If I had a dollar for every time a parent tells me their gymnast’s number one nutrition struggle was “eating too much sugar”, I’d be rich! Just kidding. But really…

Gymnastics is a sport where misguided advice like “create a culture of clean eating” and endless, unfounded food rules like “no sugar”, “no bread”, “no carbs” run rampant.

Restriction breeds deprivation and subsequent compensatory behaviors.

Plain English: Tell a gymnast (or any human) they can’t have sugar, and that’s all they want. It’s human nature to want what we can’t have.

Sugar is not “toxic”. Sugar is not inherently “fattening”. Yes, we should limit the added sugars in our diet as they do not contribute valuable vitamins, minerals, antioxidants, etc. But, there is a place in the diet for sweet treats and “fun foods”. See here for more on this.

If you think your gymnast has a problem with sugar, I bet it’s because of the following 3 reasons:

1. You are over-restricting your gymnast’s diet.

Your job as the parent is to provide the “what” and “when” and your gymnast’s job is to choose “how much”. By over-restricting their diet and not allowing sugar or fun foods (chips, cookies, dessert, “junk food”), there is now a hyper-focus around these foods that shouldn’t be there. It is human nature to like sweet things, this starts in the womb and at the breast. To worry that you have to first serve your baby veggies when introducing solids so they don’t only like sweet tastes is short-sighted. Breast milk or formula are already sweet, so they’ve been exposed. And this is OK.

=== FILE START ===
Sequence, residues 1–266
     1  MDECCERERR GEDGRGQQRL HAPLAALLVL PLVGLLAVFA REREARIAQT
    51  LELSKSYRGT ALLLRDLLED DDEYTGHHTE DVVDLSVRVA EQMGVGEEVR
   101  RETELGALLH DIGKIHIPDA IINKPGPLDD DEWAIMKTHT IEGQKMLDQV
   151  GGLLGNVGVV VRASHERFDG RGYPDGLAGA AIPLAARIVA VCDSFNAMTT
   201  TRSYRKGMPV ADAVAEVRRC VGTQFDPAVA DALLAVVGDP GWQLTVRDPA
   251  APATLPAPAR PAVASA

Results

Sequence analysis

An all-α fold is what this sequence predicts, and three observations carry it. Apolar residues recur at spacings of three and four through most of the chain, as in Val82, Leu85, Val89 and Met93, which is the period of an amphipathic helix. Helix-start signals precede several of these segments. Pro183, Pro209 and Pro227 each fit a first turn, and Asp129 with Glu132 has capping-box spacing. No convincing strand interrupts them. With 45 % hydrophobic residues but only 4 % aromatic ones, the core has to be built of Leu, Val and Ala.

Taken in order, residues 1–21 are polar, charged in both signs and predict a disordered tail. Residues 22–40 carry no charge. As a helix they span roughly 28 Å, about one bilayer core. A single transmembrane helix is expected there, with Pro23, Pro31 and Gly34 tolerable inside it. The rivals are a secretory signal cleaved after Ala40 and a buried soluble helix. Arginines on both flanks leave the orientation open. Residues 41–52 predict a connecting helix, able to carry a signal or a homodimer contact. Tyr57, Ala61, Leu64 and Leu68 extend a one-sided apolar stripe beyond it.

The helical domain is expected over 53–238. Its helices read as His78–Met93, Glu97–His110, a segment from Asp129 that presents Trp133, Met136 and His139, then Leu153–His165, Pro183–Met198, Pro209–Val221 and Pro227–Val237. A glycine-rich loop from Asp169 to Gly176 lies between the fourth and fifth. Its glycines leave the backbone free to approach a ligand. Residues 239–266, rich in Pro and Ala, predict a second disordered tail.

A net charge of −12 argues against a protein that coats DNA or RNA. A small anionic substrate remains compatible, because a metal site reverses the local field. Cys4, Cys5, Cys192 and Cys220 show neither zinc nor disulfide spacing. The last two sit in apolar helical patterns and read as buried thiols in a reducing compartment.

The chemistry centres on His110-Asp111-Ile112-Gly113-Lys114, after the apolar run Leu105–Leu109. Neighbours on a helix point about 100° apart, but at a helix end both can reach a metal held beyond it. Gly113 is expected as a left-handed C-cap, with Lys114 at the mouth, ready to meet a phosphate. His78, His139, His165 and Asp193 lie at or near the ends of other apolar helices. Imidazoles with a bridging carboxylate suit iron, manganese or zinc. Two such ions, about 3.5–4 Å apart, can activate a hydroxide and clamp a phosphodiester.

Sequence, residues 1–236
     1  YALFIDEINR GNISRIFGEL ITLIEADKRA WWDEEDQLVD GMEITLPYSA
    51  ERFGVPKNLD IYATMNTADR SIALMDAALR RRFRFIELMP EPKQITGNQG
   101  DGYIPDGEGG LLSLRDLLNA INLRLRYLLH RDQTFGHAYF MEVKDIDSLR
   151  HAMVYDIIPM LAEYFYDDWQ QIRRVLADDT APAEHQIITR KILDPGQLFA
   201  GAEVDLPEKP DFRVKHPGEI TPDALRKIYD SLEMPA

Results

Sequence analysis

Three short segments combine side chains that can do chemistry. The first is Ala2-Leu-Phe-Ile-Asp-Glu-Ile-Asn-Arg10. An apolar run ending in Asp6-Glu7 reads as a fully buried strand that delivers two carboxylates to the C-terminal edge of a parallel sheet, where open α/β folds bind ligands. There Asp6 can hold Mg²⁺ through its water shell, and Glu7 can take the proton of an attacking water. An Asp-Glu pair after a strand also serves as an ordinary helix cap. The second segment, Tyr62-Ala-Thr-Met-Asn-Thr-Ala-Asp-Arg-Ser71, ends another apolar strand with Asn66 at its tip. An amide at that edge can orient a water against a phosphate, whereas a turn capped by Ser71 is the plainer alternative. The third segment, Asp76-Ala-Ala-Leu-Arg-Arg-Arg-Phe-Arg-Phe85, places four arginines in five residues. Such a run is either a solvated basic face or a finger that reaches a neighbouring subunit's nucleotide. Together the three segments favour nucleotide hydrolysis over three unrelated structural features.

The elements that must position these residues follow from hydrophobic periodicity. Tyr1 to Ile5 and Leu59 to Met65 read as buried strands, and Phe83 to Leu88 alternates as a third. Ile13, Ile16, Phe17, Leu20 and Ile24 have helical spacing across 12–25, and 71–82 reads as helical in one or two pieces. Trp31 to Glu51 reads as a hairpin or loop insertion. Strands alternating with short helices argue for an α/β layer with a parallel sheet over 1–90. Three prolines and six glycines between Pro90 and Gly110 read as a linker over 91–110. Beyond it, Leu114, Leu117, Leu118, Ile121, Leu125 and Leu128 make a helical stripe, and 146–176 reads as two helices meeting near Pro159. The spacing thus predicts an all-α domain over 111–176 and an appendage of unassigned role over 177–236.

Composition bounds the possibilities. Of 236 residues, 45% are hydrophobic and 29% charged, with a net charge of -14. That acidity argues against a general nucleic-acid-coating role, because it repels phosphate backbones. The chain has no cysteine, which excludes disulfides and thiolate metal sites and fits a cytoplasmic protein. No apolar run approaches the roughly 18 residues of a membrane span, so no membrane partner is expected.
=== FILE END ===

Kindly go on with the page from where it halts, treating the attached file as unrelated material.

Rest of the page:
I know as a parent you’re just trying to do your best to keep your gymnast healthy. You don’t want them to gain excessive weight and be embarrassed about their body or unable to perform their best. You don’t want them to struggle with obesity and the associated comorbidities like diabetes, heart disease, etc. You’ve heard that sugar contributes to inflammation and they complain about their body hurting. You’re just trying to help. I don’t fault you one bit for trying to do what you think is best, but it’s likely time to re-evaluate your strategy that isn’t working.

Even if it was true that a no-sugar diet would solve all your health woes, the behaviors that stem from this extreme of restriction are likely causing more problems than you’re solving. Telling a gymnast no sugar is not going to work.

Sometimes I get parents that come to me with their gymnast “food sneaking” and they’re really panicked and concerned. Especially if this has been contributing to excessive weight gain. If you find wrappers, etc. in your gymnasts room, gym bag, car, etc. and you don’t allow these foods, it’s safe to bet they feel the need to sneak out of shame. They don’t want to get in trouble, disappoint you, or get lectured about how they shouldn’t be eating these foods. In a way, your over-restriction of them has forced them to engage in secret behaviors and part of the solution is to back off. In this 2016 study in the journal Appetite, children whose intake of sweet foods and junk foods was controlled by the parent tended to eat more of those foods.